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What's behind the wave of assassinations in Afghanistan(VIDEO)

Jan Mohammed Khan, a powerful ally of President Hamid Karzai, is the latest casualty in a string of assassinations that undermine NATO’s claims that the situation is improving.

By Correspondent / July 18, 2011

In this image made available from The Afghanistan Presidential Palace, President of Afghanistan Hamid Karzai, front 4th left, together with others offer prayers near the coffins of Jan Mohammad Khan and Mohammed Ashim Watanwal who were killed by armed gunmen during Sunday's attack, at the Presidential Palace in Kabul, Afghanistan, Monday, July 18.



Kabul, Afghanistan

Sunday should have been a good day for Afghanistan. In the afternoon, Bamiyan province became the first to transition to the authority of Afghan security forces.

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But a few hours after sundown, two suicide bombers stormed the Kabul home of Jan Mohammed Khan, one of President Hamid Karzai’s senior aids, killing him and a member of parliament who was visiting. The attack comes less than a week after a gunman shot the president’s half brother Ahmad Wali Karzai, the principal power-broker in Kandahar, at his home.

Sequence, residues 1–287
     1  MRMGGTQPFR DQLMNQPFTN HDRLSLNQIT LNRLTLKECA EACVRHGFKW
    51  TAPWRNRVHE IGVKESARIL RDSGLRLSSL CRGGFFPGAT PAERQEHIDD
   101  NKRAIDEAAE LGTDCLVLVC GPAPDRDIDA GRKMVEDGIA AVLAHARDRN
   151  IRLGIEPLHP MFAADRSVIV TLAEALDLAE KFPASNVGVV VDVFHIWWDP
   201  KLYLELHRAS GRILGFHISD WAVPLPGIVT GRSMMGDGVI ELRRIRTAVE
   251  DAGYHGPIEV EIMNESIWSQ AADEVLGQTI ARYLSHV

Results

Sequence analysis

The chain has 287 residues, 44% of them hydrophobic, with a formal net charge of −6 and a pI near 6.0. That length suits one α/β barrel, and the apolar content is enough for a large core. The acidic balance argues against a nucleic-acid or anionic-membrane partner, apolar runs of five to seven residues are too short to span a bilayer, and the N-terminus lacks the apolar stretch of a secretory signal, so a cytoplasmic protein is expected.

As the warm-weather fighting season reaches its peak, the Taliban appear to be carrying out a successful campaign to assassinate high-level officials, particularly those in Karzai’s inner circle. The assassination campaign is destabilizing the personal patronage networks that run Afghanistan and undermining NATO’s claims that the situation here is improving.

“The Taliban wants to put pressure on the government through these assassinations and push the government to accept their demands,” says Mangal Sherzad, a professor of law at Nangarhar University in Jalalabad. “The enemy has lost the ability to fight government forces directly, so the second best option for them is to kill important people.”

The Taliban took responsibility for the murder of Mr. Khan, the former governor of Uruzgan province, and a major power-broker in Afghanistan. Khan's family runs a large private militia. Hashim Watanwal, a member of parliament from Uruzgan, was also killed in the attack.

During an interview with the Monitor last Thursday, Mr. Watanwal expressed serious doubts about the future of his country.

“Overall, the security situation is getting worse in Afghanistan. It is out of control of the foreigners and the Afghan government,” he said during a phone conversation. “Since the foreign forces started talking about withdraw, it’s gotten a lot worse.”


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